Re: Re: Mathematica can't win against Tiger Woods
- To: mathgroup at smc.vnet.net
- Subject: [mg19833] Re: [mg19765] Re: [mg19677] Mathematica can't win against Tiger Woods
- From: Paul Abbott <paul at physics.uwa.edu.au>
- Date: Sun, 19 Sep 1999 01:20:21 -0400
- Organization: University of Western Australia
- References: <firstname.lastname@example.org>
- Sender: owner-wri-mathgroup at wolfram.com
> Think about the education which is precisely about solving again and
> again old problems. How you are going to justify the usefulness of
> Mathematica in education, if it can't easily replicate known results?
I understand what you are saying -- but to me you've identified one
of the major problems with "traditional" education! If education only
involves solving again and again old problems -- which, by construction,
usually have "nice" closed-form solutions or can be solved by tricks or
heuristic methods -- then students come away thinking that all problems
are of this type.
The original example that started this thread was to solve for the motion
of a particle with air resistance. Because no closed-form solution was
expected for the full problem (but there is one!) the problem was "simplified"
by linearizing the air-friction -- in an attempt to develop more insight.
It is this "simplification" that actually muddies the water!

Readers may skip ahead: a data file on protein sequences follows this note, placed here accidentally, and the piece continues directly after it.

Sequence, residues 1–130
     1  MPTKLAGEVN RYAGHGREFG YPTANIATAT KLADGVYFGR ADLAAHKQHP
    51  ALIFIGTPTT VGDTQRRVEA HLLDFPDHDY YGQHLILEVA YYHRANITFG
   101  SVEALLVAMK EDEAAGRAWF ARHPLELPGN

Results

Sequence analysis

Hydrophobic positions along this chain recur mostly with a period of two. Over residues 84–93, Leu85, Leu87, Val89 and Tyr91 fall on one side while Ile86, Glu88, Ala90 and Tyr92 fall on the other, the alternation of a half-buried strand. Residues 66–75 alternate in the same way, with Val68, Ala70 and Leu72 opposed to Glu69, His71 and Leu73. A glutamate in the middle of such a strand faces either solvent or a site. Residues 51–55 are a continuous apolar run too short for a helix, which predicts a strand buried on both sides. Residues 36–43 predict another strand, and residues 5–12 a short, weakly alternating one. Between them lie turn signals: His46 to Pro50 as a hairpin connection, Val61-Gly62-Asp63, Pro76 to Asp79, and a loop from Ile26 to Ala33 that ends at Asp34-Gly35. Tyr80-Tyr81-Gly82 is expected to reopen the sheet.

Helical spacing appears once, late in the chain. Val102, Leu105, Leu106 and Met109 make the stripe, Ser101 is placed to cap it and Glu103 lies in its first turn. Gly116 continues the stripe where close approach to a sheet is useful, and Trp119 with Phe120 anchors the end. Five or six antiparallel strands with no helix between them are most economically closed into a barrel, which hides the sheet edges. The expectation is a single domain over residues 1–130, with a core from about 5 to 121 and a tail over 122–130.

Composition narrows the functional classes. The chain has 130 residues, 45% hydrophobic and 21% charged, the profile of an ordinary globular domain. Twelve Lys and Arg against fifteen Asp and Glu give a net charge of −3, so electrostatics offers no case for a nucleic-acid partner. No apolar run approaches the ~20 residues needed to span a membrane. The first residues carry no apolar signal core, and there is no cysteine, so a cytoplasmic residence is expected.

As another example, instead of getting students to solve the Schrodinger
equation for hydrogen using the "classical" approach (and I admit I do get my
students to work through this problem using Mathematica) get them to
compute the ground state energy for helium using a variational method.
This is described in all the classical text books -- but is never set as a
problem because it is thought to be too (computationally) demanding
for undergraduates. But is actually rather easy to do using Mathematica.
And, to me, this is an example of the correct application of a tool like
Mathematica in education (and research).
Paul Abbott Phone: +61-8-9380-2734
Department of Physics Fax: +61-8-9380-1014
The University of Western Australia
Nedlands WA 6907 mailto:paul at physics.uwa.edu.au
God IS a weakly left-handed dice player
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